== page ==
Fundamental Limits on Detection of UAVs by Existing Terrestrial RF Networks

Priyanka Sinha, Ismail Guvenc, M. Cenk Gursoy

Research output: Contribution to journalArticlepeer-review

1 Scopus citations

Abstract

Detection of drones carries critical importance for safely and effectively managing unmanned aerial system traffic in the future. Given the ubiquitous presence of the drones across all kinds of environments in the near future, wide area drone detection and surveillance capability are highly desirable, which require careful planning and design of drone sensing networks. In this paper, we seek to meet this need by using the existing terrestrial radio frequency (RF) networks for passive sensing of drones. To this end we develop an analytical framework that provides the fundamental limits on the network-wide drone detection probability. In particular, we characterize the joint impact of the salient features of the terrestrial RF networks, such as the spatial randomness of the node locations, the directional 3D antenna patterns, and the mixed line of sight/non line of sight (LoS/NLoS) propagation characteristics of the air-to-ground (A2G) channels. Since the strength of the drone signal and the aggregate interference in a sensing network are fundamentally limited by the 3D network geometry and the inherent spatial randomness, we use tools from stochastic geometry to derive the closed-form expressions for the probabilities of detection, false alarm and coverage. This, in turn, demonstrates the impact of the sensor density, beam tilt angle, half power beam width (HPBW) and different degrees of LoS dominance, on the projected detection performance. Our analysis reveals optimal beam tilt angles, and sensor density that maximize the network-wide detection of the drones.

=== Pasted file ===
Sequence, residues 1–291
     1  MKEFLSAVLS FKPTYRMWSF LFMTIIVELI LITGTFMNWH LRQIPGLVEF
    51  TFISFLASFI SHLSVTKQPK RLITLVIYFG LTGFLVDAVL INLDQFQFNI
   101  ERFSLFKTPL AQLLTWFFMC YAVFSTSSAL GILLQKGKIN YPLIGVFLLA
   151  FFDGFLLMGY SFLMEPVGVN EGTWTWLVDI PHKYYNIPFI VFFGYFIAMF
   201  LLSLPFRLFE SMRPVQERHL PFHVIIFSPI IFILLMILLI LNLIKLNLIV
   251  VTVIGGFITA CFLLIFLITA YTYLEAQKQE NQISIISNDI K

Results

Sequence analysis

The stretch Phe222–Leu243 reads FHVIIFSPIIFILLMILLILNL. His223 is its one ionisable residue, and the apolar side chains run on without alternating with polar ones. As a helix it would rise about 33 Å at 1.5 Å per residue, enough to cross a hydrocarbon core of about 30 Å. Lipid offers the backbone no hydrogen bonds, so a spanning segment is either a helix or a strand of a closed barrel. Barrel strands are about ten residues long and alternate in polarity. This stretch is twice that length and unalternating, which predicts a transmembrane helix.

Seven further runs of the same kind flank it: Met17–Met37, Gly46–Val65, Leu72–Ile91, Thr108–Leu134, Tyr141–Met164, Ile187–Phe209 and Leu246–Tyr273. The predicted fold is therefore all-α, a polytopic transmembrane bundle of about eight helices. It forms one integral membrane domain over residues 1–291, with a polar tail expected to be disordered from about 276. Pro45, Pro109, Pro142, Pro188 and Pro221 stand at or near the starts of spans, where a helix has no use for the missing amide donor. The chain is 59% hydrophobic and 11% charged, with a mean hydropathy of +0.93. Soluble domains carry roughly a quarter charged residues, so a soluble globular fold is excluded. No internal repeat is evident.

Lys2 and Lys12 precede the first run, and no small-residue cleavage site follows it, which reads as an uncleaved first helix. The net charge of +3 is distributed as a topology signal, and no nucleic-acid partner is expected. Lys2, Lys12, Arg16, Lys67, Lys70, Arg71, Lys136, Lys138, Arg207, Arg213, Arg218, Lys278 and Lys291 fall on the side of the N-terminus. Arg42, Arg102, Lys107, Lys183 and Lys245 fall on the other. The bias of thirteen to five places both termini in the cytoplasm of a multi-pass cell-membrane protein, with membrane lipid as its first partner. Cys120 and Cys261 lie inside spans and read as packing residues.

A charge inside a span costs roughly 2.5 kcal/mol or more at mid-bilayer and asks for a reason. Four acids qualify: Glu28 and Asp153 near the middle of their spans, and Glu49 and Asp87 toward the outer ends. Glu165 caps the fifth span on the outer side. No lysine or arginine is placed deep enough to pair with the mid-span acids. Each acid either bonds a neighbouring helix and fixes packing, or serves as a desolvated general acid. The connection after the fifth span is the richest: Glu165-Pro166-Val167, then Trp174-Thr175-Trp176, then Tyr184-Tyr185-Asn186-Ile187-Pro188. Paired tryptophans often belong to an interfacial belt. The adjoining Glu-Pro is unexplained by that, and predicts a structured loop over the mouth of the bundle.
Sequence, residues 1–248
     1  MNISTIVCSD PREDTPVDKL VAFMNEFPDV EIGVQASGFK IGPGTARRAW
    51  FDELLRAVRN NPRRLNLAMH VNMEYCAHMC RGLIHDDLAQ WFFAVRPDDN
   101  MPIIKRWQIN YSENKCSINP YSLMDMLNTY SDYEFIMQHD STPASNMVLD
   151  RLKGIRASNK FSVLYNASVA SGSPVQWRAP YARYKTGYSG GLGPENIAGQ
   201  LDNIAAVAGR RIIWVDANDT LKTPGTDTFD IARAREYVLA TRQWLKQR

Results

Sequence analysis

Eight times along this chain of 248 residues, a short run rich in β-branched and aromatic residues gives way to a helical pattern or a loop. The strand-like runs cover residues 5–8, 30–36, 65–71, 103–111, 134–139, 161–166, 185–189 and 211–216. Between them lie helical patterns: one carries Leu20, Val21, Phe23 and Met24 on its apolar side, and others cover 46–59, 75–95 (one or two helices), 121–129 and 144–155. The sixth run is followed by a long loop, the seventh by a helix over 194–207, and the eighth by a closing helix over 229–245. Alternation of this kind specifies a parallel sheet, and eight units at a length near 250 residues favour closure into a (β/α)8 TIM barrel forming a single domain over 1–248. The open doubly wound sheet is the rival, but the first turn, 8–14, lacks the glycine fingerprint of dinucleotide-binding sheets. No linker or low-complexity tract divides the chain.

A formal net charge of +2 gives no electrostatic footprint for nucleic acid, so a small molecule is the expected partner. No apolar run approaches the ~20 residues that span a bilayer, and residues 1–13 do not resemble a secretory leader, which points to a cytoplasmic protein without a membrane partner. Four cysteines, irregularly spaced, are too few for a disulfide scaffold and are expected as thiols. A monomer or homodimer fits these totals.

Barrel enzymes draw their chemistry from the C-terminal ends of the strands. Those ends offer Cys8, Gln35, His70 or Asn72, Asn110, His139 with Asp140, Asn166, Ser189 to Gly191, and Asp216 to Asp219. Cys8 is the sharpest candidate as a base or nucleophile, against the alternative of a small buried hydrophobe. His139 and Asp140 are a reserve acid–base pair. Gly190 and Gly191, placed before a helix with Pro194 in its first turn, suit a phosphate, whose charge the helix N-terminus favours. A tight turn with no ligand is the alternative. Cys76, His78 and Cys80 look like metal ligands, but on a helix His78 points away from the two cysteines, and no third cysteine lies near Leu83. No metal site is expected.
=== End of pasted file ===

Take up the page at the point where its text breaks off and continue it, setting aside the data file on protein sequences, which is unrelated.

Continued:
Original languageEnglish (US)
Pages (from-to)2111-2130
Number of pages20
JournalIEEE Open Journal of the Communications Society
Volume2
DOIs
StatePublished - 2021

Keywords

  • A2G channel
  • beam tilt
  • directional antenna pattern
  • drone detection
  • LoS/NLoS
  • stochastic geometry

ASJC Scopus subject areas

  • Computer Networks and Communications

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